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Friday, May 29, 2015

Patience, Practice & Time.

Will lightning strike twice? Does he have what it takes to go the distance? Will Batman solve the Riddler's puzzle and escape before he drops in the piranha tank? All these questions and more answered in this blog post. *Cue jaunty music* Okay, time for reality.

Writing isn't easy. In fact, I consider it the hardest thing I've ever done. I'm not sure it'll ever get easier, but I do expect that with anything: time, practice and patience will make me better a writer. With that said, I learned some very valuable lessons on this last book. Take the time. It's easy to get caught up in the moment. The thought that should have crept into my head was: take a step back, evaluate and give it to people who will tear it apart. It's important. Find the good ones, the honest ones, the ones that don't put up with your bullshit and listen to them.

I recently saw the movie Whiplash and J.K. Simmons played a music teacher who was sadistic and brutal and put his students through hell. It's an unbelievable performance. He told his student that the two most destructive words you can say to someone is, 'good job.' I've said in other posts and I can't emphasize this enough, you want the praise to come after the work is published, the worst thing you can tell someone is, 'good job.'

Time: Everything happens in its own time. It can't be forced. With any work in progress getting it done and getting it done right are two very different things. With any task, whether it's building a stone wall, playing a piece of music, or writing a novel, take the time. Be patient. Patience will earn rewards.

Practice: Not every musician is born great. It takes countless hours with the insturment, fingering the keys, finding your breath, growing calloused on the fingertips. There are some born with natural talent, but for the majority, it's desire, drive and hard work. Mastery is attained through practice, for an electrician you're an apprentice, then you step up to journeyman and then to master electrician. It can be said of almost every career. There are tests and benchmarks along the way. Writing isn't different. Not everyone can, or will, write a novel, not every novelist will make a living as a writer and grandmasters are few and far between.

Patience: I'm not destined to be a grandmaster. I'm good with it. Writing is my sideline and it’s fun for me and I sincerely hope it's fun for the reader. What I struggle with and gives me the most grief is: patience. Writing is an object lesson for me. If something isn't progressing, I'm not happy. It makes me effective in my day job of speeding up the internet and adding features to mobile devices, but in my writing, it's something I really need to continue to improve. I think it's helped me in my daily life. It's also why this blog is called Author in Progress. The alternate title was: I Slammed My Head into My Desk and Here's Why.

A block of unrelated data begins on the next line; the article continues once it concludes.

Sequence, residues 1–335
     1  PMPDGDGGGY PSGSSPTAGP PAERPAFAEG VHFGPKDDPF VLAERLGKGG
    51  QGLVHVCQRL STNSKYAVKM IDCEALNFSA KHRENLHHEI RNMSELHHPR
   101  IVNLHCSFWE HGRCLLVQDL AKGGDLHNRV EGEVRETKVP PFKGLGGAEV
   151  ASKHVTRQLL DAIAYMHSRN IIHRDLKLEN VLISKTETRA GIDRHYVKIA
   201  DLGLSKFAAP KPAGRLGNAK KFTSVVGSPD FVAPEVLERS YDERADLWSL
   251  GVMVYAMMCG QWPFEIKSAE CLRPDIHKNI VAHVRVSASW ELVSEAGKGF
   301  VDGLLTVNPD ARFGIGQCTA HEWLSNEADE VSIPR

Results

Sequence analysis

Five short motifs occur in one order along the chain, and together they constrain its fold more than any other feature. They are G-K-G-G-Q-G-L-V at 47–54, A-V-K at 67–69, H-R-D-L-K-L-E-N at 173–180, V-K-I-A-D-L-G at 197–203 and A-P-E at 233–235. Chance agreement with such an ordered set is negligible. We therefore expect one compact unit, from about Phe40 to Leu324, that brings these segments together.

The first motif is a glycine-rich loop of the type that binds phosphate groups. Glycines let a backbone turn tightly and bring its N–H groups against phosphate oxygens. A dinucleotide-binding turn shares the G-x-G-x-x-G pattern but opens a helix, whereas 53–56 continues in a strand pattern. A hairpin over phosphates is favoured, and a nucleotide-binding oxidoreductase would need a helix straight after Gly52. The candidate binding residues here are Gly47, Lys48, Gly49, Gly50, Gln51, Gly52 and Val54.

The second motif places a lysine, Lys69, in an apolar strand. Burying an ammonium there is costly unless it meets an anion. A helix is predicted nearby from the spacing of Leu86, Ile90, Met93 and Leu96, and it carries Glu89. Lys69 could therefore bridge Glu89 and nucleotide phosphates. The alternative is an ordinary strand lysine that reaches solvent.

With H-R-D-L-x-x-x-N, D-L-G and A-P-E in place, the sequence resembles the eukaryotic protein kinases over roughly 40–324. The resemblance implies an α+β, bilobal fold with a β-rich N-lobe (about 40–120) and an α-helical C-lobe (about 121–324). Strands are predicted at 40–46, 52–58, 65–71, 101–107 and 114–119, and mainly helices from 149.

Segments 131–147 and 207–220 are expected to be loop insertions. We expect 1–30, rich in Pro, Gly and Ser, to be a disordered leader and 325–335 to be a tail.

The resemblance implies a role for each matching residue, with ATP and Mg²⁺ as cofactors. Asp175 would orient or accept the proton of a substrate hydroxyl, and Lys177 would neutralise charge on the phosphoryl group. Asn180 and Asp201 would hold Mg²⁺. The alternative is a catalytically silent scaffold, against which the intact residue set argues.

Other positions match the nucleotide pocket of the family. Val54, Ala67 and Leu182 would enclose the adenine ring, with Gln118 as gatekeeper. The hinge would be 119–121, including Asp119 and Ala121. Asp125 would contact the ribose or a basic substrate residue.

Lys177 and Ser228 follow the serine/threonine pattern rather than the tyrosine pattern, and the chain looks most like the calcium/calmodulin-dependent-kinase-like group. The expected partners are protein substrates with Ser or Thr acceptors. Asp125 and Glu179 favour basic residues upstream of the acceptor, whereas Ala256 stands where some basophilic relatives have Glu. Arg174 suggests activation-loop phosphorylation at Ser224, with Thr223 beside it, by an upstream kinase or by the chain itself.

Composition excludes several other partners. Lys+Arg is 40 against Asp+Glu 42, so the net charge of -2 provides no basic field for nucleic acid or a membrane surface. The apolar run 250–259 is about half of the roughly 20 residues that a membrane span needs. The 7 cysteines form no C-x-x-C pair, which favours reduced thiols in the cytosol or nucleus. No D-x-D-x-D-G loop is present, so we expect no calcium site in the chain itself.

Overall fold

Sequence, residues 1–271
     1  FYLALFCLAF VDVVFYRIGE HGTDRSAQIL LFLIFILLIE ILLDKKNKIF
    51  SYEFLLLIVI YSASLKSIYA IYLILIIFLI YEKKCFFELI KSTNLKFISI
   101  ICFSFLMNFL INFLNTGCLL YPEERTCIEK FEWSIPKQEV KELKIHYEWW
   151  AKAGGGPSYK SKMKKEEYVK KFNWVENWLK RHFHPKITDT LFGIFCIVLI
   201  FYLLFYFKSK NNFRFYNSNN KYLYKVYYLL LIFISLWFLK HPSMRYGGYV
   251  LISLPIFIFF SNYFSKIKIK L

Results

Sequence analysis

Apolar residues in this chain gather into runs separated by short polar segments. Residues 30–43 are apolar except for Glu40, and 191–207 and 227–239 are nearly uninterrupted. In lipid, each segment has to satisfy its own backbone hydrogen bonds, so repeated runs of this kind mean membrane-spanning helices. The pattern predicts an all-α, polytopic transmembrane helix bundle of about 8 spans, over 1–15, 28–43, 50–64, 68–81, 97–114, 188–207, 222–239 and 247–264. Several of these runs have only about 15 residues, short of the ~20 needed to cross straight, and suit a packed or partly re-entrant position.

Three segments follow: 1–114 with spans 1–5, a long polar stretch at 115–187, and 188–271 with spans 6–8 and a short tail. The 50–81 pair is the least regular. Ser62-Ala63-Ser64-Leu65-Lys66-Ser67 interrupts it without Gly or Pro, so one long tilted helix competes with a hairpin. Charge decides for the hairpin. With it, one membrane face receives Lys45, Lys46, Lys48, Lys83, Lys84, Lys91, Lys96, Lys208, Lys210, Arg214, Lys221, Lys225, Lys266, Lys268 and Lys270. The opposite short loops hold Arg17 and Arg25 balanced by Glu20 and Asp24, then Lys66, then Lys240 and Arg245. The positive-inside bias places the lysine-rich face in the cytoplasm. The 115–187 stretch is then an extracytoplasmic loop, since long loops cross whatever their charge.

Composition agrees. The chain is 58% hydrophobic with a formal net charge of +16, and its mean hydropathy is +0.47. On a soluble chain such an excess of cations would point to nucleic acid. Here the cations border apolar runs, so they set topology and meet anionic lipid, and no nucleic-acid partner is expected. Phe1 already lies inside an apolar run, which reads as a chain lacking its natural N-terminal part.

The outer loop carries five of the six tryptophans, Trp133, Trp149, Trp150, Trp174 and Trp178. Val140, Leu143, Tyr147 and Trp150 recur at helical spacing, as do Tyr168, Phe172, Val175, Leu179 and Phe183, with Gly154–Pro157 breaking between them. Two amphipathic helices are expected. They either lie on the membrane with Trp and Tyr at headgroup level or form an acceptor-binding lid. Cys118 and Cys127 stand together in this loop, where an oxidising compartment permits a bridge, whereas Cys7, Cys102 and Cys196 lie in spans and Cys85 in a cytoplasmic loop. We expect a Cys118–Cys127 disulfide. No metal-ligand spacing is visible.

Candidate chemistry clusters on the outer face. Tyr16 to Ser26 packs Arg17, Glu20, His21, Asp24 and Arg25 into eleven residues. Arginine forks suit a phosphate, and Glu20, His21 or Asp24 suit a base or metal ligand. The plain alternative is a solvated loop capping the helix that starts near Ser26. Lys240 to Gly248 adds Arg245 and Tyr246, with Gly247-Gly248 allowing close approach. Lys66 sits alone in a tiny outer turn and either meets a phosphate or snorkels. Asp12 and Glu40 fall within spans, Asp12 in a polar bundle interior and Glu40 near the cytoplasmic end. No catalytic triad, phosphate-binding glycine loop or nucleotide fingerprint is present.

I chose writing for a few reasons, first, for good or ill, I have one of those imaginations that just won't shut the hell off. I imagine dragons, zombies, superheroes and fantasy worlds, heroes from humble beginnings, crafty wizards and vile villains. I see them in the world around me and I think it’s fun to share it. Second, I love observation and there is humor in pointing out the absurdity in any given situation, even dire things. Humans do really wierd shit and it's fun. Lastly, it was the thing I most wanted to do, but never knew it. My goal in life (high school age-ish) was to be an artist, I had some innate talent with pencils and creative streak and I wanted to put my talent to being a comic book artist. Like any talent, you can either nurture it, or let it wither. I chose a sensible career, a technical career, military, sub builder and I nurtured that at the expense of my creativity. I can still draw (maybe just sketch at this point) but by the time I got back to it, the desire wasn't there. I still desired to pick up a pencil, but now I wanted to draw pictures with words. That meant learning something new and I found that immensely satisfying. I want to be good and I push, but like the electrician, you can't go from being an apprentice to being a master. I'm not even sure I'm a journeyman, but writing is what I want to nurture. All I need patience, practice and time.

My book is Dex Territory. It's a fun story and I love that book like no other, sorry Neil Gaiman, American Gods comes in #2. The upcoming sequel is Knight and Dex and it takes place about three months after the events in Dex Territory and I threw in some zombies for good measure. That really satisfied me! It's also a lot of fun, albeit on the darker side. I'm working with my editor, Terry, now and we're hammering that one into fighting form. The cover and the blurb can be found at www.twbpress.com and if you're a reader, head over there. We have some great authors and they tell some amazing stories. You might just find my books there too. :)

Please find me at:
www.twbpress.com
www.twbpress.com/authormarkaberdeen
www.amazon.com/author/markaberdeen
www.twitter.com/Mark_Aberdeen
www.facebook.com/mark.aberdeen
www.facebook.com/DexTerritoryBook

You can find Dex Territory for every possible device at:
TWBPress.com
Amazon.com
Barnesandnoble.com
smashwords.com
iBooks

$3.99 for the e-book
$18.95 for the paperback

2 comments:

  1. Well said. Always follow your gut with the title though ; )

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    1. I always write the blog before titling it. Sometimes I don't know what I'm going write until it's written. :)

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